So why cowboys? Let’s just say that I had plenty of crushes, and most of them wore cowboy hats. My neighbor and best friend was a roper, and he took me to see horses often enough that came to appreciate the smell of horse manure. My Texas upbringing may have been hard, but Texas is and forever will be home. As they say, you can take the boy out of Texas, but you can’t take Texas out of the boy.
And horror movies? Well, I’ve always loved the scary genre, probably because I’ve always seen a gay boy in place of the heroine… a lonely figure who wants love, but usually can’t have it because something terrifying is stalking her. For her, it’s a killer. For me, it was always the terror of coming out. And it was that parallel that became an important theme in Northranger.
As for my story being a graphic novel? Well, it had to be for the same reason I wanted to “remix” a classic novel written by a classic author. I wanted to make something new. I wanted to breathe new life into a story that I love, one that some young readers might have never heard of. I’m sincerely hoping that after reading Northranger, readers will want to go to their library and check out Northanger Abbey to compare the two, and understand that old stories still resonate today.
I never did become a cowboy, but I’d like to think that my experiences made me tougher. It’s been a hard road to accepting myself, but here I am—writing books about young gay Texans in the hope that my books reach other young gay Texans, and of course any reader out there that feels marginalized—whether they wear cowboy boots or not.
Meet the author
Rey Terciero, also known as Rex Ogle, was born and raised (mostly) in Texas. He’s written and edited hundreds of books and comics for children and young adults. He is a queer writer who has always been drawn to strong female protagonists, including Elizabeth Bennet, Princess Leia, Jean Grey, and Hermione Granger. Meg, Jo, Beth and Amy was his debut graphic novel.
About Northranger by Rey Terciero, Bre Indigo (Illustrator)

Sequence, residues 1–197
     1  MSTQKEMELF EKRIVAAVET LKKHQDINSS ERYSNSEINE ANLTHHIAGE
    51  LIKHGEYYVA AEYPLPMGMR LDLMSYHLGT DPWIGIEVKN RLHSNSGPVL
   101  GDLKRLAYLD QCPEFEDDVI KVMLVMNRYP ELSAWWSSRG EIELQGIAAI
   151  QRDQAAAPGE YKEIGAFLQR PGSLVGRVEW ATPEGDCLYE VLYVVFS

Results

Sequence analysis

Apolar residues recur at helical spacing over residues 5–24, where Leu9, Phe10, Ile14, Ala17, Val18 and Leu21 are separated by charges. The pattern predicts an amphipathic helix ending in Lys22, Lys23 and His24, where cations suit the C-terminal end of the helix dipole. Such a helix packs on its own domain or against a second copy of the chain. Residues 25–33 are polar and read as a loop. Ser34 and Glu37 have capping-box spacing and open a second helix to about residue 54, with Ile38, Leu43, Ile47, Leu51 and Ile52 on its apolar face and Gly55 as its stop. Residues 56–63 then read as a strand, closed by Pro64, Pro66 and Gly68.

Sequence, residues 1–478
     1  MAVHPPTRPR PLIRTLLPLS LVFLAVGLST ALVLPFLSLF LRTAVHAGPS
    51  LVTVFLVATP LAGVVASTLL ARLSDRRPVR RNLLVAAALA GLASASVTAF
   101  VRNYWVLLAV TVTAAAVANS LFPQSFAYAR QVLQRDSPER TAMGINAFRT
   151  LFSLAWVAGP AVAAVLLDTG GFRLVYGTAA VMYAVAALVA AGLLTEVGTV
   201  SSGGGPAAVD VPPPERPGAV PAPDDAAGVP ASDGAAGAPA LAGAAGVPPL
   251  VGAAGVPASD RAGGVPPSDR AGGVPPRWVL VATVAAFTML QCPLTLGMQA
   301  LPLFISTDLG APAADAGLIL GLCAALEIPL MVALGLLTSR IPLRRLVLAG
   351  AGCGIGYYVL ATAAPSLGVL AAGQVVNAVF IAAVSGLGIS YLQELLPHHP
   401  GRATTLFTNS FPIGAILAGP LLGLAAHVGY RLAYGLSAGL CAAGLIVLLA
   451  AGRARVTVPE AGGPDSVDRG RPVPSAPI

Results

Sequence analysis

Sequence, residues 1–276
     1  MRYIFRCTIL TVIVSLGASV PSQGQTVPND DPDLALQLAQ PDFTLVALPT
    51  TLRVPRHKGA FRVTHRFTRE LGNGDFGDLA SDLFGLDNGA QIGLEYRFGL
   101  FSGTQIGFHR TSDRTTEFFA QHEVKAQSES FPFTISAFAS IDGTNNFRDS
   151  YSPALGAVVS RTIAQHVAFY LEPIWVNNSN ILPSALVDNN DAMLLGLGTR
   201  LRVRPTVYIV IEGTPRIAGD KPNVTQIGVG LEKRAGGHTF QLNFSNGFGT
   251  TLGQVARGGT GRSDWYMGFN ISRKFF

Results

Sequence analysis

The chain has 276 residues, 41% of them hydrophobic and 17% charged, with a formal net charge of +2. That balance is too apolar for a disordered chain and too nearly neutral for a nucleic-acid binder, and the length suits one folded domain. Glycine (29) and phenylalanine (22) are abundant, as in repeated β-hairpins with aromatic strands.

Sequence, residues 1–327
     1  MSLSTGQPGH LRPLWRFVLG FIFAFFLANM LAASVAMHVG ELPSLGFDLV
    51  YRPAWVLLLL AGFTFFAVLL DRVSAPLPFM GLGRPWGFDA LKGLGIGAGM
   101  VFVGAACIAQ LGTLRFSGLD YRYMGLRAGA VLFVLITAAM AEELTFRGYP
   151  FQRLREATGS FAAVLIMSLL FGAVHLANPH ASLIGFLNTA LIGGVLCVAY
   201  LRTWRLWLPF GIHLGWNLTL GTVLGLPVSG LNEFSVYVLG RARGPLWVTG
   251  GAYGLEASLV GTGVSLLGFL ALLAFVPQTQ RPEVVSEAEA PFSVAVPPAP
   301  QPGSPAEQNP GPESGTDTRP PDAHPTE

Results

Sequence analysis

In this swoony and spooky teen summer romance graphic novel set on a Texas ranch, sixteen-year-old Cade Muñoz finds himself falling for the ranch owner’s mysterious and handsome son, only to discover that he may be harboring a dangerous secret.
Cade has always loved to escape into the world of a good horror movie. After all, horror movies are scary—but to Cade, a closeted queer Latino teen growing up in rural Texas—real life can be way scarier.
When Cade is sent to spend the summer working as a ranch hand to help earn extra money for his family, he is horrified. Cade hates everything about the ranch, from the early mornings to the mountains of horse poop he has to clean up. The only silver lining is the company of the two teens who live there—in particular, the ruggedly handsome and enigmatic Henry.
But as unexpected sparks begin to fly between Cade and Henry, things get…complicated. Henry is reluctant to share the details of his mother’s death, and Cade begins to wonder what else he might be hiding. Inspired by the gothic romance of Jane Austen’s Northanger Abbey and perfect for fans of Heartstopper and Bloom comes a modern love story so romantic it’s scary.
Publisher: HarperCollins Publishers
Publication date: 06/06/2023
Age Range: 13 – 17 Years
Filed under: Guest Post
About Amanda MacGregor
Amanda MacGregor works in an elementary library, loves dogs, and can be found on Twitter @CiteSomething.